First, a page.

On Monday, House Democrats released a revised 1,200 page energy bill, clearing the way for a possible floor vote on HR 2454, The American Clean Energy and Security Act of 2009, as early as today. As of press time, the House voted to bring the bill to the floor by a vote of 217 to 205 but has just begun debate.

The legislation which would impose limits for the first time on carbon dioxide and other greenhouse gas pollution from, for example, power plants, factories and refineries, has faced major debate but has become a priority for the Obama Administration as President Obama and his aides have been pushing for votes all week.

On May 21, the House Energy Committee approved a 946-page version of the bill out on a final vote of 33 to 25 after four days of markup sessions where dozens of amendments were considered. The bill then was referred to eight other committees, including the House Ways and Means Committee and the House Science and Technology Committee. Yesterday, Waxman released a manager’s amendment that reflects additional deals reached among lawmakers.

The substitute amendment posted by the Rules Committee late Monday expands upon the version reported out of the Energy Committee by almost 300 pages. Among the changes made to the previous version, the substitute amendment provides states greater flexibility in using emissions allowances to support renewable energy and energy efficiency programs. The amendment reserves 0.5% of the allowances for tribal renewable energy programs and allows states to use up to 10% of their allowances for the nonfederal share of transportation programs that reduce greenhouse gas emissions, such as transit and bicycle facilities. The substitute amendment also makes technical changes to the definition for combined heat and power system savings, ensures that market transformation efforts will be included in measurement of electricity savings, and makes other minor technical changes.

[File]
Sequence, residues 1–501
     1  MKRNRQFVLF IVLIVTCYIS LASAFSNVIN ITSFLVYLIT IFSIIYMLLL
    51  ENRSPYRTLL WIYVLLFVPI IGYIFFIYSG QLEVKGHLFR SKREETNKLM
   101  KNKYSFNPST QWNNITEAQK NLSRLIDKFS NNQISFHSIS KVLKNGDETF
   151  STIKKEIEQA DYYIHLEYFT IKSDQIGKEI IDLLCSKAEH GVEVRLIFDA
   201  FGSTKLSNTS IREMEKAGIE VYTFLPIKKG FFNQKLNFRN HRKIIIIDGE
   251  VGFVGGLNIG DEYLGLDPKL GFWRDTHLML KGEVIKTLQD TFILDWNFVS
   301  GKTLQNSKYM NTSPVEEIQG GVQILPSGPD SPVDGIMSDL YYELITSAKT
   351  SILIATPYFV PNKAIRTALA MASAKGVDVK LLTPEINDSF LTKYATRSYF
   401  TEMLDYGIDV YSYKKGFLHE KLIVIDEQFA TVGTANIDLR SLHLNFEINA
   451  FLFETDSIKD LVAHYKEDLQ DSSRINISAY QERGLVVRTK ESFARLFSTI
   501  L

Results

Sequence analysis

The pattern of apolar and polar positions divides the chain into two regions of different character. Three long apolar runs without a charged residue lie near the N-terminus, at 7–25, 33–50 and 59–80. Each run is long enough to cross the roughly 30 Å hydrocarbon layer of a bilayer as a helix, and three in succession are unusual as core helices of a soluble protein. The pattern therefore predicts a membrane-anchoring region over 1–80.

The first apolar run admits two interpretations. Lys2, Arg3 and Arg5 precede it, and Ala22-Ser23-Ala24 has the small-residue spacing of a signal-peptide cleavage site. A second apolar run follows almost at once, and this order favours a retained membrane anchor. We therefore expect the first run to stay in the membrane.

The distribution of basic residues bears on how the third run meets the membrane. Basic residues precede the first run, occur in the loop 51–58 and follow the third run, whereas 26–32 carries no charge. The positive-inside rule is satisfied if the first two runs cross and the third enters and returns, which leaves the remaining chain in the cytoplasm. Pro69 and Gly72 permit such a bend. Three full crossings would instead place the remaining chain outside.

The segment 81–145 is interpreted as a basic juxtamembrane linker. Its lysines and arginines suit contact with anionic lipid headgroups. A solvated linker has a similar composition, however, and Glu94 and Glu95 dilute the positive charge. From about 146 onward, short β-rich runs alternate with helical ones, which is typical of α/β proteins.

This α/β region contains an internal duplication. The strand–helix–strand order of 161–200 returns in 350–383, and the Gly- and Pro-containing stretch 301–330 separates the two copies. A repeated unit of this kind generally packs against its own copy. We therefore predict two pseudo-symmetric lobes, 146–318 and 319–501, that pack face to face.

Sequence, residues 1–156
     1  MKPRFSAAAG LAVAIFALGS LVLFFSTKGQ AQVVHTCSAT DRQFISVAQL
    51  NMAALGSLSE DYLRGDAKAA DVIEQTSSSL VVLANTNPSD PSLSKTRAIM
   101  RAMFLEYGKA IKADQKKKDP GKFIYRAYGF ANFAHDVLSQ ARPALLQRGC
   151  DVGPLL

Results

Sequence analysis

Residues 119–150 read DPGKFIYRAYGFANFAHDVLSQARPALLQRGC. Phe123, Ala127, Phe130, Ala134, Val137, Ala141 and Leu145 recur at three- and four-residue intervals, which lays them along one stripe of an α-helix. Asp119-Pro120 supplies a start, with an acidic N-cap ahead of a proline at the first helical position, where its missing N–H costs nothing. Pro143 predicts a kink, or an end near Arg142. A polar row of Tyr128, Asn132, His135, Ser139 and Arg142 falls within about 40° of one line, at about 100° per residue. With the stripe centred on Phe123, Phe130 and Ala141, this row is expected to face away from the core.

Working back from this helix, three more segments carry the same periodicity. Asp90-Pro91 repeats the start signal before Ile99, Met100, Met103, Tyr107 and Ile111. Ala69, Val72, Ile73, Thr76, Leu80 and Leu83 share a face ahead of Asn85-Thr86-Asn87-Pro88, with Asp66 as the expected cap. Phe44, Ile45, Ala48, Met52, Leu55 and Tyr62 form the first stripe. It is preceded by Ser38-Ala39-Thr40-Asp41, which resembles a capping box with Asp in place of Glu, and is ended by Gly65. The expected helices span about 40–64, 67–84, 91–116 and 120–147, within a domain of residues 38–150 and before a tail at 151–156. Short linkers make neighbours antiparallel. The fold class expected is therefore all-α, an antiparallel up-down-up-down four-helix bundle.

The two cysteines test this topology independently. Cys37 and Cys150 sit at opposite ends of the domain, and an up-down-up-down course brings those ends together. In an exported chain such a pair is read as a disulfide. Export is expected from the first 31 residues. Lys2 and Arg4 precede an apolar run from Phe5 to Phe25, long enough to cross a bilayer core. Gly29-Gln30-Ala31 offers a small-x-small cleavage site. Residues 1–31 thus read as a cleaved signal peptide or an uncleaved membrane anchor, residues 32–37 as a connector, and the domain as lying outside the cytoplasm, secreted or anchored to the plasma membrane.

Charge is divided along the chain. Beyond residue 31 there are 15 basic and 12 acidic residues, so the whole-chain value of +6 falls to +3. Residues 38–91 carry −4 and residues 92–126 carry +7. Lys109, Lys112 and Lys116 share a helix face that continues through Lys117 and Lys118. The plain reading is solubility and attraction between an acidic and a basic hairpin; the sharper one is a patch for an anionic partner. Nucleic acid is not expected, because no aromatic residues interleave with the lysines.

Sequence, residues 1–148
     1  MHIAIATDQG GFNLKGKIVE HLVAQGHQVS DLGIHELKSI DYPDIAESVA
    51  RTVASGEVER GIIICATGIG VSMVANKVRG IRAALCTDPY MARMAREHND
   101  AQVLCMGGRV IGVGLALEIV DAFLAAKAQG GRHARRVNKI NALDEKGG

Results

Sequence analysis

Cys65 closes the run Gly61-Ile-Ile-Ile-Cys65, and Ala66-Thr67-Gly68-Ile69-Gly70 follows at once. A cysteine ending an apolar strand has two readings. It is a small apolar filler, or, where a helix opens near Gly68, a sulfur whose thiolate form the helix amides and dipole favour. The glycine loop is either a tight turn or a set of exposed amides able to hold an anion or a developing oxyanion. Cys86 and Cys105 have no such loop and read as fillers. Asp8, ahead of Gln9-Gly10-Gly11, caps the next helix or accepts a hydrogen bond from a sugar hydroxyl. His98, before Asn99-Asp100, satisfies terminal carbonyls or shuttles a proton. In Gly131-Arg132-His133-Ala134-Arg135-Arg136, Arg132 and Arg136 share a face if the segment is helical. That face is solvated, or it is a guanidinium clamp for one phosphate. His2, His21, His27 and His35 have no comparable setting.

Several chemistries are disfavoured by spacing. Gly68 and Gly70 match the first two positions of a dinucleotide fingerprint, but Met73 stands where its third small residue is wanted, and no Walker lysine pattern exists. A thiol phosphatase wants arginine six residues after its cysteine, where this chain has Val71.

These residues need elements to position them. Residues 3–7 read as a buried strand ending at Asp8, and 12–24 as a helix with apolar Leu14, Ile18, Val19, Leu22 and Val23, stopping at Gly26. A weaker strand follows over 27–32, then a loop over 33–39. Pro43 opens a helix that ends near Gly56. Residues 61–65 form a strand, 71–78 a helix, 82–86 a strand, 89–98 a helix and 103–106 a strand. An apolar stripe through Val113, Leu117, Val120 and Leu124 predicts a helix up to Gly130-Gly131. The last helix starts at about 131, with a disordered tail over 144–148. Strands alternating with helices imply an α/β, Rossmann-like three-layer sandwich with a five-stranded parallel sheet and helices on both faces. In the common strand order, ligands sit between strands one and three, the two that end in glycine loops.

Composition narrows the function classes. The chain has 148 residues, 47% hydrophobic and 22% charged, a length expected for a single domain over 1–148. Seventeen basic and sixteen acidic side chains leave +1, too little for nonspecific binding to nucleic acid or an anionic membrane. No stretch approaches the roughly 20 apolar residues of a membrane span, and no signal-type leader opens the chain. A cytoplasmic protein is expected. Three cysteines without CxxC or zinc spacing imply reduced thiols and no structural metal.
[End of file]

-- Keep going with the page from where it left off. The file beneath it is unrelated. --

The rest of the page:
The substitute amendment also reflects changes recommended by the other committees with jurisdiction over the bill. It provides rural electric cooperatives a free 0.5% portion of the emission allowances to be distributed through the cap and trade program. It also includes a provision that resolves another contentious issue for the agriculture industry by reflecting an agreement that the Department of Agriculture, and not the Environmental Protection Agency (“EPA”), would regulate farm and forestry offset projects.

In addition, the substitute amendment specifies that offsets will be allowed for destruction of chlorofluorocarbons (“CFCs”) if permitted by the EPA Administrator under Title VI of the Clean Air Act, and clarifies that offset approval petitions and decisions shall be available to the public. In addition, it provides a role for the Department of Energy and Indian tribes in the national strategy for carbon capture and sequestration, as well as transmission planning, and support for tribal renewable energy and energy efficiency programs. Other changes to the bill address building code language regarding “cool roofs,” technical changes to transportation efficiency sections, carbon market assurance, and exportation of clean technology, among others.

The full text of the bill may be found at the House Rules Committee’s web page: http://www.rules.house.gov/.